It’s every homeowners nightmare to wake up to the drip, drip, dripping of a leaky roof – especially with a rainy winter just around the corner. Eventually, every roof will require attention. Whether it’s a full replacement or a patch job, it’s a chance to invest in eco-friendly roofing options.
According to Bob Vila, asphalt shingles (the most common roofing material) can last up to 30 years. Eco-roofing technology has come a long way in the last few decades, making roof repair an opportunity to choose Earth-friendly products.
Non-shingle roofing options
Asphalt shingles combine petroleum-based asphalt, fiberglass, cementitious fillers and chemical coatings through industrial processes. Their production can be an environmental nightmare. Before you default to this option, consider these:
- Euroshield roofing products contain up to 95% recycled content, 70% of which comes from recycled tire rubber. Find an Euroshield installer here.
- Metal roofing is durable, reflective, and both recyclable and made from recycled materials, making it an Earth-friendly option.
- Cedar shakes and shingles provide a natural, Earth-friendly roofing option, as long as they are backed by the Sustainable Forestry Initiative or another such certification.
- A living roof or green roof is the ultimate Earth-friendly house-topper, but comes with a good deal of maintenance. Seattle Tilth Alliance has more on that here.
- Solar shingles seem like the product of the future, which is reflected by their cost. They are installed like regular shingles, but have individual solar panels that produce between 13 and 63 watts each.
- Clay tiles are another natural option that are reusable and do not need to be painted or coated. They are a natural insulator which stand up to heat and weather. Find out more from Northwest Tile and Roofing.
Finding the eco-friendliest asphalt shingles
Asphalt shingles are by far the most common roofing option and often required by neighborhood HOA’s. These products aren’t made from environmentally-friendly materials, but gain some semblance of Earth-friendliness when made from recycled materials and deflecting solar rays.
Energy Star is a symbol for products that meet energy efficiency standards set by the Environmental Protection Agency. In terms of roofing, Energy Star certifies products that reflect a certain amount of the sun’s rays, known as solar reflectance. This reflective property lowers surface temperature and decreases heat transfer to a building, thus decreasing the need for air conditioning and energy use. Below are the Energy Star standards for roofing materials:
- Low slope roofs: Initial solar reflectance greater or equal to .65. Three-year solar refleactance greater or equal to .50
- Steep sloop roofs: Initial solar reflectance greater or equal to .25. Three-year solar reflectance greater or equal to .15.
- Low slope applies to surfaces with a slope of 2:12 inches or less. Steep slope applies to surfaces with a slope greater to 2:12 inches.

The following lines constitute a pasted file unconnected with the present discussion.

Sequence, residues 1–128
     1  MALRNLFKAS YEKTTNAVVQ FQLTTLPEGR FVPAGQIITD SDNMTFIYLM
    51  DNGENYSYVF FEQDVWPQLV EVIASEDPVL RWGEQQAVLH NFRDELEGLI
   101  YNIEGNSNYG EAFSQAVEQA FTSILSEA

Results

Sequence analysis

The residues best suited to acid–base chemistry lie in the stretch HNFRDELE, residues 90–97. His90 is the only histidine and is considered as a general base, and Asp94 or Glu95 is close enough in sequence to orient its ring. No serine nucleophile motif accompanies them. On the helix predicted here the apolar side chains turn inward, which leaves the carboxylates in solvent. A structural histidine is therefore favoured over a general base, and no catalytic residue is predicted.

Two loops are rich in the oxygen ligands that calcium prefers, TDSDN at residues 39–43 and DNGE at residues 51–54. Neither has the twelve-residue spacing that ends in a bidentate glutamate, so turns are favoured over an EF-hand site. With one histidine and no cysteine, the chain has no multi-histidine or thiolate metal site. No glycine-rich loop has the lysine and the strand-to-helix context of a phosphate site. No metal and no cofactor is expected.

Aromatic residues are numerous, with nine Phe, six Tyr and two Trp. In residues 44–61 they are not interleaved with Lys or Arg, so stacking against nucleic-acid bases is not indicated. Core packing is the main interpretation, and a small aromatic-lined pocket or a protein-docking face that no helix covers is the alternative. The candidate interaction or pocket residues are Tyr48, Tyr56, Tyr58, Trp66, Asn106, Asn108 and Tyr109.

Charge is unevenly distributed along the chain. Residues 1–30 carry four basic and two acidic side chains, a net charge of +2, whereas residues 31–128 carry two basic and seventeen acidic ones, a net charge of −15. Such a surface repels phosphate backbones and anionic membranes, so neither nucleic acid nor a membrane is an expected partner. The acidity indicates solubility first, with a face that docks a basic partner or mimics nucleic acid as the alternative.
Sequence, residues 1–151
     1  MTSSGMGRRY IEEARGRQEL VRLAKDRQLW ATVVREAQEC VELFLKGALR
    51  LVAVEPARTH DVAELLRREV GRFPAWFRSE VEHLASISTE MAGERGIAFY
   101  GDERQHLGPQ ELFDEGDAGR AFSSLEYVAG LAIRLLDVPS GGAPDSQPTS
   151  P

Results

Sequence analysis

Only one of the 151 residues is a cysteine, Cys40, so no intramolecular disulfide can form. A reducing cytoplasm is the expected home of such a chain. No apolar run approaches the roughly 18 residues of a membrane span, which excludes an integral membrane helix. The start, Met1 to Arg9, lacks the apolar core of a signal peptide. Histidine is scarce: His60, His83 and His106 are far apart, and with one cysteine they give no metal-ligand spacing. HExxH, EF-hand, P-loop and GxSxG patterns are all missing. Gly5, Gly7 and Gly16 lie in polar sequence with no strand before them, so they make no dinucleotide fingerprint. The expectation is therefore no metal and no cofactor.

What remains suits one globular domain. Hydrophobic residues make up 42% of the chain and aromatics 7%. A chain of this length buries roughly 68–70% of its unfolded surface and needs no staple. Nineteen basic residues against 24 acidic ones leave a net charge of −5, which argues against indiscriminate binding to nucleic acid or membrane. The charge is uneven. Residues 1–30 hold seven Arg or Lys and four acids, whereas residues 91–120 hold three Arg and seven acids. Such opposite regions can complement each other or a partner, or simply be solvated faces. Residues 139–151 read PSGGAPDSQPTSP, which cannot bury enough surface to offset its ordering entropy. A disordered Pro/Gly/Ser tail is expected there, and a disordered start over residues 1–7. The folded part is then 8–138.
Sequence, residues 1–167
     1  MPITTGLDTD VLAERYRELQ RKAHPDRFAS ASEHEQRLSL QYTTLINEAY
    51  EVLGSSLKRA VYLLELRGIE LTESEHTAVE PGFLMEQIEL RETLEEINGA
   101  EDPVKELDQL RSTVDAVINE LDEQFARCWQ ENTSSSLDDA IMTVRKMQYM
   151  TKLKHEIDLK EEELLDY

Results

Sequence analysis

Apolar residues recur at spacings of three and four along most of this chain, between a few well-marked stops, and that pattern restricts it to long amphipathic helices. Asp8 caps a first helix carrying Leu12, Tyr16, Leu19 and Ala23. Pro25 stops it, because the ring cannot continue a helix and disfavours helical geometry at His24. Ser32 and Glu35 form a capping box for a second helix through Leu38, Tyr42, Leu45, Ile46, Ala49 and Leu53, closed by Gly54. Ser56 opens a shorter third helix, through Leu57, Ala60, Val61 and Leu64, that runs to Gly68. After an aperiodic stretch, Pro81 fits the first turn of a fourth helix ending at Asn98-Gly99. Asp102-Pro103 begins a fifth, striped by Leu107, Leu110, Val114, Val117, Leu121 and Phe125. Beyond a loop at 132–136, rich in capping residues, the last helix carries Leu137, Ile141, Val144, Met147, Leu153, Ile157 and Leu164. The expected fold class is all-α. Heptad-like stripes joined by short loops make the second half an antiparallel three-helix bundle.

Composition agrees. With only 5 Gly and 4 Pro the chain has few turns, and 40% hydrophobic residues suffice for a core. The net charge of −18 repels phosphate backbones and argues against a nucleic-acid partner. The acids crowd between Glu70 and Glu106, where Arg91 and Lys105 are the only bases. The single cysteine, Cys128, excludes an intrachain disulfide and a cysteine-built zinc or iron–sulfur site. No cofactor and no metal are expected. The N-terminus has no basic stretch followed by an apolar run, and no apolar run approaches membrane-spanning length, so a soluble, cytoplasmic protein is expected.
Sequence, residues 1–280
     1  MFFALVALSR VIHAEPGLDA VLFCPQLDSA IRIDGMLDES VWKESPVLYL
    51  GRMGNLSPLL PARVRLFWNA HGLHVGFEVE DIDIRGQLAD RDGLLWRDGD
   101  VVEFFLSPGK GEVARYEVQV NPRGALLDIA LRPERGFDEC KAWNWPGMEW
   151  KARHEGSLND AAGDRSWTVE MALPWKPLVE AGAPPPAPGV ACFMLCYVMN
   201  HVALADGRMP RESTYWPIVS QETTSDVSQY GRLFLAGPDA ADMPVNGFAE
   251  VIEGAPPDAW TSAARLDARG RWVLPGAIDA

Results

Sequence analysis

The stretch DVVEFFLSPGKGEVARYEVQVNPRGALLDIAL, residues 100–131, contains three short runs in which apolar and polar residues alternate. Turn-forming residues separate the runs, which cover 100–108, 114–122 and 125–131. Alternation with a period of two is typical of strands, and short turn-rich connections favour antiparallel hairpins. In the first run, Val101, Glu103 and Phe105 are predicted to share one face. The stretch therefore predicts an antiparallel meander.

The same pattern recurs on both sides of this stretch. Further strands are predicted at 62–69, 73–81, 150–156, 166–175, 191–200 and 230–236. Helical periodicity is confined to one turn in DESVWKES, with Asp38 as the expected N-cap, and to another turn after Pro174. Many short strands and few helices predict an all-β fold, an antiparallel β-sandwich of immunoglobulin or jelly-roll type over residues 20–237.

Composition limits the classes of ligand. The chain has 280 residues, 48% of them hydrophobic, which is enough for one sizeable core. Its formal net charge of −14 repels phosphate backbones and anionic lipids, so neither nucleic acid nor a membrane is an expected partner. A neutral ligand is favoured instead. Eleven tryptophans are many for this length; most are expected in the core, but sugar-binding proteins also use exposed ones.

Most residential roofs are steep slope. This ratio, known as pitch, can be calculated at home from the ground. After five minutes with a tape measure and a little math, I calculated my roof’s pitch at 6 inches of rise per 12 inches of run, or 6:12.
The Cool Roof Rating Council (CCRC) tests roofing materials for their radiative performance, but does not necessarily certify or approve them. However, CCRC has a handy catalog of tested products that makes finding shingles that meet Energy Star standards easier.
Manufacturers with CCRC tested asphalt shingles
The following manufacturers have asphalt shingles that have met the Energy Star requirements for solar reflectance, but may or may not carry the Energy Star logo. They’ve also shown some degree of commitment to using recycled materials and other sustainable practices.
Note: White-colored shingles are not included below, but often have a high solar reflectance and are therefore a good option.
Founded in 1904 as the General Roofing Manufacturing Company, CertainTeed has grown into a producer of asphalt shingles, vinyl siding and more. This manufacturer recycles nearly 90% of its roofing production waste into asphalt materials for road construction. It also recycles into its products more than 250,000 tons of slag, stone granules, corrugated mixed paper and sludge from landfills each year.
Based in Portland, Oregon and operating since 1956, Malarkey boasts sustainability certifications and recycled materials. Namely, it uses recycled polymers from car tires through CalRecycle, diverting spent tires from waste stream. Malarkey also reduced its natural gas consumption by more than 80% by installing a methane recovery pipeline from a nearby wastewater treatment facility in 1984. Find certified Malarkey contractors here.
Malarkey’s Windsor Ecoasis Scotchgard series has an initial solar reflectance as high as .29, depending on the color.
GAF claims its products protect more homes in North America than any other. The company sponsors a shingle recycling program and has an online transparency showroom that gives material health overviews for some of its products. GAF also has an ecoScorecard that lists the percentage of pre- and post-consumer recycled content of its products, along with the product’s environmental certifications.
Once your roof is in good shape, install solar panels on top to reduce your reliance on fossil fuels!